Unexpectedly weak business in the Christmas season has worsened German retailers’ woes as the sector was able to carve out just meager growth in 2013. But the industry’s lobbyists are talking up the prospects for 2014.
Retail sales in Germany edged up by just 0.1 percent in 2013 compared with 2012, the German statistics office, Destatis, announced on Friday.
As in previous years, business was especially strong in the online and mail order segment, which grew 6 percent in inflation-adjusted figures, Destatis said.
Other retail sectors, however, were hit by stagnating growth or even declining sales, the statistics showed. Sales of furniture, household appliances and DIY goods were the worst performers slumping by 2.9 percent. In addition, grocery stores and supermarkets sold only 0.8 percent more than in 2012.
According to Destatis data, retail sales were unexpectedly weak in December dropping a staggering 2.5 percent, inflation-adjusted, from November. Analysts polled by the Reuters news agency had predicted an increase in revenue by at least 0.2 percent, citing buoyant consumer confidence and rising wages in Europe's biggest economy.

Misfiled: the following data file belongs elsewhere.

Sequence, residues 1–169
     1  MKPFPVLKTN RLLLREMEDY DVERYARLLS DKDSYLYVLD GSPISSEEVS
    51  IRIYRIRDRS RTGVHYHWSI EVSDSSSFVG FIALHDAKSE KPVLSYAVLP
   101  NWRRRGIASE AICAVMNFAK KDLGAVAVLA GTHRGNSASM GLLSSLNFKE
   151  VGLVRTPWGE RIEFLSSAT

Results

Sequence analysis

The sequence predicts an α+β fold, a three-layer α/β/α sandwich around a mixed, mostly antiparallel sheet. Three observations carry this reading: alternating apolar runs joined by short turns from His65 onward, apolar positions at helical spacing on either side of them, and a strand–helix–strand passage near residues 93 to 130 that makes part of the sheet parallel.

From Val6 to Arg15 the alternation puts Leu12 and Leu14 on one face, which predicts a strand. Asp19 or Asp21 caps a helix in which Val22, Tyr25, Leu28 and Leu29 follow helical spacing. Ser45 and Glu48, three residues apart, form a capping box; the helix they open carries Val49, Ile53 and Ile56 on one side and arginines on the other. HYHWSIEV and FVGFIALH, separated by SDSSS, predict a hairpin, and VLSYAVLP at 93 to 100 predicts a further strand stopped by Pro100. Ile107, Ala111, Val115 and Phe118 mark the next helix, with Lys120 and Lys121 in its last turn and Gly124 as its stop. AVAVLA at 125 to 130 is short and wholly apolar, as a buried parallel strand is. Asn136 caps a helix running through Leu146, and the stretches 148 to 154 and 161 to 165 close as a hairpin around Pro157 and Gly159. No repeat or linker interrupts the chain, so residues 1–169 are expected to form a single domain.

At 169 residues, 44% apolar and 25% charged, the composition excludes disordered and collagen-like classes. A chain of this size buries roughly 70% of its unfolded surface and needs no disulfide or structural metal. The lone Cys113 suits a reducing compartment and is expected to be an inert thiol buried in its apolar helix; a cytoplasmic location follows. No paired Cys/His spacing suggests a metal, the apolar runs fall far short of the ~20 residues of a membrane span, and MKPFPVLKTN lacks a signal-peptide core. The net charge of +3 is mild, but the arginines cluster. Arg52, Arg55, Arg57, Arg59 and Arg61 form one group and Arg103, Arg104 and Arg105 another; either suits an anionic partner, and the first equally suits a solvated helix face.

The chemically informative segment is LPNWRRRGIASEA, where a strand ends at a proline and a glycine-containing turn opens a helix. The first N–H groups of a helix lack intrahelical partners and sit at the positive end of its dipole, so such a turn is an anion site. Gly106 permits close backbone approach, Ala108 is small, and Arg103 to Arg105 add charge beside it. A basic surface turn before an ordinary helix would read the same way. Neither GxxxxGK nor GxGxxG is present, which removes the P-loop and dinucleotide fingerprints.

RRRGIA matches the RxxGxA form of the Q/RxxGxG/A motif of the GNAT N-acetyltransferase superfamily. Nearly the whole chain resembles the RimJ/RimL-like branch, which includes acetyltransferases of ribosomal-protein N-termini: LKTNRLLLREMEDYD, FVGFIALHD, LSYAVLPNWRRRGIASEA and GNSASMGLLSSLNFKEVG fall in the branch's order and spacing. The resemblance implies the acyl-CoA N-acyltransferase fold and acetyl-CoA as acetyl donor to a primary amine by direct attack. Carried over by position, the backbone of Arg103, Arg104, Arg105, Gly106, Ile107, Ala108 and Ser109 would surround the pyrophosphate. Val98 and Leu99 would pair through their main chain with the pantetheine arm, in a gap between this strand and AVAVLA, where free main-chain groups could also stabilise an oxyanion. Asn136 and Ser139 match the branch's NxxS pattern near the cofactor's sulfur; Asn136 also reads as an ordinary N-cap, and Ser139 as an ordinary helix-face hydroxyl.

However, one shouldn't read too much into one-month data, said Newedge Strategy analysts Annalisa Piazza.
“We rule out that the data are the harbinger of a period of falling personal consumption, but we need to consider some downside risks to GDP growth,” she told Reuters.
Nevertheless, German retail sector lobby group HDE on Friday maintained its positive outlook for growth this year, announcing that it expected 1.5 percent higher sales for the year. With an accelerating recovery, rising wages and consumer confidence at a seven-year high, conditions couldn't be any better, HDE Chief Executive Stefan Genth told a news conference.
uhe/pfd (Reuters, dpa, AFP)